Metro-North travel to New York delayed

Yalies taking the Metro-North train to New York City have a longer ride than ever before.
Yalies taking the Metro-North train to New York City have a longer ride than ever before. Photo by William Freedberg .

Yalies taking the Metro-North train to New York City have a longer ride than ever before.

On Dec. 6, the FRA instituted “slow orders” that put ceilings on the maximum train speed in 35 different places on the New Haven Line, part of two emergency orders the agency issued after a a Dec. 1 derailment in the Bronx that killed four and injured 63. The agency’s directives apply to curves that require a reduction in speed greater than 20 mph, where trains have had to slow down earlier. These changes lengthen the average Metro-North ride. Whereas the ride from Union Station to Grand Central Terminal used to end in under 100 minutes, it can now take as long as 116 minutes. These restrictions continue in spite of the successful completion of repairs for five sections of track and five moveable bridges in Cos Cob, South Norwalk, Westport, Bridgeport and Milford, Conn., all of which are on the New Haven Line.

The speed reductions are on the outer New Haven Line, where bridges and curves are prevalent, and will remain in place even after track repairs are completed, according to Connecticut DOT Spokesman Judd Everhart.

“They are permanent until and unless track conditions improve significantly, which would require capital improvements,” he said in an email. “There are no plans [for such a project].”

John Hartwell, the Vice Chair of the Connecticut Commuter Rail Council, said that Metro-North’s rail tracks are severly outdated, and the recent repairs represent only a fraction of the kind of overhaul the FRA is demanding.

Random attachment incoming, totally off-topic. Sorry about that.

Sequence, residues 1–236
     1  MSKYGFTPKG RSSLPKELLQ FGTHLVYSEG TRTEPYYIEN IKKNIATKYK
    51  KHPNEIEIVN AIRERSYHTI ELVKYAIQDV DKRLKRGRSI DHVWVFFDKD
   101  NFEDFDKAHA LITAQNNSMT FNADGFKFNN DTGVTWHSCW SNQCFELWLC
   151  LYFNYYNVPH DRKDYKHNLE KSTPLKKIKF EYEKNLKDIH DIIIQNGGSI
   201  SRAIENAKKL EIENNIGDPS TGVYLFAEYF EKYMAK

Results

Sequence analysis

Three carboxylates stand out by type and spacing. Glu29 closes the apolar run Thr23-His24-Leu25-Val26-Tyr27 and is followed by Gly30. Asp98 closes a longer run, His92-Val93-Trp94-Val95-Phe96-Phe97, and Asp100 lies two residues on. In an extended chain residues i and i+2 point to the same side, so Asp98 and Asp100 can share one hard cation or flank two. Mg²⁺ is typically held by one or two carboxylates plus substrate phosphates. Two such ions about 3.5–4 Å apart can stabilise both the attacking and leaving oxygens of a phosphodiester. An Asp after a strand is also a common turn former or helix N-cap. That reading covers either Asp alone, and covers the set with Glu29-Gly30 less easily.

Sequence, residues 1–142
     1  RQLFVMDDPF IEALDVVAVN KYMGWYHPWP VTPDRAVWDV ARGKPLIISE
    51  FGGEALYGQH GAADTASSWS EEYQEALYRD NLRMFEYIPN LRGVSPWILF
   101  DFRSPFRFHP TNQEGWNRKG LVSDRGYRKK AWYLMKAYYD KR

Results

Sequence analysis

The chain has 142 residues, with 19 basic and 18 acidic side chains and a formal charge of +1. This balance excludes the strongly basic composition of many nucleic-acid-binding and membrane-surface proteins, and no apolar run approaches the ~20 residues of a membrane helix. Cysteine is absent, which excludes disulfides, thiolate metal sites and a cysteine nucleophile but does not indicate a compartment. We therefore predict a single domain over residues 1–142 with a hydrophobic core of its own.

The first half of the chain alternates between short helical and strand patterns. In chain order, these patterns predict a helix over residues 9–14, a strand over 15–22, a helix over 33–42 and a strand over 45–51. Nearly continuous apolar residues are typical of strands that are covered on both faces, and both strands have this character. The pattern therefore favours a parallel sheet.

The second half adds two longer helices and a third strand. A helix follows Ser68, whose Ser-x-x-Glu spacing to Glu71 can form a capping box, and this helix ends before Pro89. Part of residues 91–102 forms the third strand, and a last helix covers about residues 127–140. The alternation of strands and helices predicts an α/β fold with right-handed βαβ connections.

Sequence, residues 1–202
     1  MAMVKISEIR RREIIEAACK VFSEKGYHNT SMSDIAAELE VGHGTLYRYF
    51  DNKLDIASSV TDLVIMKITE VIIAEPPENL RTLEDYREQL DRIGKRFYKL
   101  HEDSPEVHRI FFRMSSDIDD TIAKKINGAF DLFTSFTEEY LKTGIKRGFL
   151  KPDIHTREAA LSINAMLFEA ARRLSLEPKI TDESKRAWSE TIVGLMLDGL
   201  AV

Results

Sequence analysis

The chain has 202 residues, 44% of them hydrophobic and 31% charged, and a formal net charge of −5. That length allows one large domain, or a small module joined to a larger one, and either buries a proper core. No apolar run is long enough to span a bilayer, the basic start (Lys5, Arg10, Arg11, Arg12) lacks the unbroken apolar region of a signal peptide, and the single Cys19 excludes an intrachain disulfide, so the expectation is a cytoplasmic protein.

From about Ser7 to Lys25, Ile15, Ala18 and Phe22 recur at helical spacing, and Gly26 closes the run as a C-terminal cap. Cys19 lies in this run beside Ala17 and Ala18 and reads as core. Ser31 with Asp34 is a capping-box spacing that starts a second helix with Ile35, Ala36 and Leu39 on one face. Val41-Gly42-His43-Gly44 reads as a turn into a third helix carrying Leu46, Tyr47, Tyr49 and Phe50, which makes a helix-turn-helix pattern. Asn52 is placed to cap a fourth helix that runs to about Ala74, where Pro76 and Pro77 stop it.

“It has nothing to do with the fact that the trains are fundamentally sound, it has to do with the way the tracks were configured 150 years ago,” he said. “If the tracks were safe all the way down to New York the ride would be much faster.”

Hartwell added that the longer travel time to New York should be regarded as permanent, given how long it will likely take to obtain funds for train repair. Slower is the new normal, he said.

The FRA followed up on Dec. 16 by launching “Operation Deep Dive,” a full audit of Metro-North’s safety practices. The report, released on March 14, faulted the railroad for fomenting a culture where employees “rush when responding to signal failures.” The report alleged that Metro-North has not given enough time for track department employees to make repairs, or for testing officers to conduct routine speed tests. The findings were based both on interviews with Metro-North employees and the FRA’s own observations.

New Haveners and commuters across the Metro-North Line have a longer commute enforced by the FRA’s directives in spite of recent efforts by new Metro-North President Joseph Giuletti to remake Metro-North’s image. In addition to the track and bridge repairs, which were completed five months ahead of schedule, Giuletti has announced a listening tour consisting of six “informal customer forums” in Connecticut and New York to see what else can be done on the track.

Rep. Roland Lemar D-New Haven, who currently serves on the House Transportation Committee, said that Metro-North is in the process of making improvements and should be given the appropriate time to complete the improvements, though this will mean slower transit in the meantime.

Two of nine Yalies interviewed said they had not heard about the delays. However, six said the half hour delay constituted a major inconvenience.

Max Holman MUS ’15 said that while he finds Metro-North’s service “inconsistent,” he is glad the railroad is paying close attention to safety needs.

Hélène Cesbron Lavau ’16 said she will continue to use Metro-North so long as the delays do not prevent her from making same-day trips.

The current iteration of concerns over Metro-North’s effectiveness began after a May 2013 derailment between Bridgeport and Fairfield, Conn.

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